Most everybody at Norfolk Southern knows about Brainy, the company's ambulatory brain that promotes grade-crossing safety, and Code Bear, the huggable ursine who reminds everyone to adhere to the company's code of ethics.
A new homegrown mascot made its debut at the safety expo - a friendly fellow named "Spike." "This is the coming out of Spike," said Greg Snow, a carman in Lynchburg, Va., and creator of the character.
With only his face visible inside a gray cloth and foam suit shaped like a railroad spike, Snow wandered among the expo crowd, explaining his purpose: to raise awareness of the increase or "spike" in railroad workplace injuries that typically occur in summer months.
Snow is a member of a joint summer spike committee that mechanical employees on the Georgia and Piedmont divisions formed five years ago to reduce injuries. The committee draws attention with slogans and artwork distributed to employees on posters, t-shirts, and hardhat stickers. Come June, Spike plans to go on tour, making unannounced visits across the two divisions to remind employees to work safely.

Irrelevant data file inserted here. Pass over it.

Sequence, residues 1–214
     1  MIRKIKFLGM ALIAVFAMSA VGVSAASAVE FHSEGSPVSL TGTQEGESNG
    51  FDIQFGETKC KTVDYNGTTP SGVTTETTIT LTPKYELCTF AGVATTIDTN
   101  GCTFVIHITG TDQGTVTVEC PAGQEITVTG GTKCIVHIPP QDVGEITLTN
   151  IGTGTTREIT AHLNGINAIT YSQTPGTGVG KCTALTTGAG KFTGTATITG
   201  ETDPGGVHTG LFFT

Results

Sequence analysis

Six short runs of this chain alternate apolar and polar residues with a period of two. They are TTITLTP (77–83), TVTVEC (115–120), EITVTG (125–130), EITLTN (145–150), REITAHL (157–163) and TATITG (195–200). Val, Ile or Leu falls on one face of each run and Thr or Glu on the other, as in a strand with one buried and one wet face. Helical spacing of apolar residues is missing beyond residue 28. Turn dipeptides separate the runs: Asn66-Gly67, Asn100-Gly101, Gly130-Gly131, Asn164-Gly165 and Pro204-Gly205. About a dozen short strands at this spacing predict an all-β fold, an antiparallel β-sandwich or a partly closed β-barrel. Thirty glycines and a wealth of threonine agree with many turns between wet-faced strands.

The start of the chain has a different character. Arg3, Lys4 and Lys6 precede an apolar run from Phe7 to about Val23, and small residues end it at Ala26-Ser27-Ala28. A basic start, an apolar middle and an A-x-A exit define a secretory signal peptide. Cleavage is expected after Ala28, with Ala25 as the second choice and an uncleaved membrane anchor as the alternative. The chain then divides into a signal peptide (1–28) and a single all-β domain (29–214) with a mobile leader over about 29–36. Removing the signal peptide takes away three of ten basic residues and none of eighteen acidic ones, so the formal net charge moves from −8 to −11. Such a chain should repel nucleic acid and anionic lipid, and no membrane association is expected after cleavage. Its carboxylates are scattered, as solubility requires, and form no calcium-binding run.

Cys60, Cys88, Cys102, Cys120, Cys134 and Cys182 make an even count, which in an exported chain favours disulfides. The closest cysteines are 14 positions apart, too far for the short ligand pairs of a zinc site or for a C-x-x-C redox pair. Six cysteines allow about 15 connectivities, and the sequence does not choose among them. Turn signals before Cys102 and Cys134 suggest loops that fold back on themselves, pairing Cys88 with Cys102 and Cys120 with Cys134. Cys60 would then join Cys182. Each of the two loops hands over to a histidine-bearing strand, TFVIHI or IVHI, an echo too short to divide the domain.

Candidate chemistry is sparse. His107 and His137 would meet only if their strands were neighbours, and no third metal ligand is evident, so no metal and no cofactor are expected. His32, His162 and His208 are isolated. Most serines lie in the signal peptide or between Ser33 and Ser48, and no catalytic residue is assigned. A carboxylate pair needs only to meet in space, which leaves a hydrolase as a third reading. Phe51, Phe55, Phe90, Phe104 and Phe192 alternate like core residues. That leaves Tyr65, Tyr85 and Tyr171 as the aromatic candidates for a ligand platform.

"We want to get people thinking that the Spike can show up at any time, so you've got to be on your toes," Snow said.
The rise in summer injuries is attributed to the many things that can distract employees during the season, such as thoughts of vacations or family outings. Eddie Johnson, a Savannah carman and committee chair, said reportable injuries among mechanical employees in the two divisions have dropped significantly since the committee was organized by Scott Kershaw, Georgia Division manager mechanical operations.
"We dream up ways to reach our employees to help them stay focused for the day, the week, and the month," Johnson said, reciting one of the group's slogans: "There is no spike when it's done right."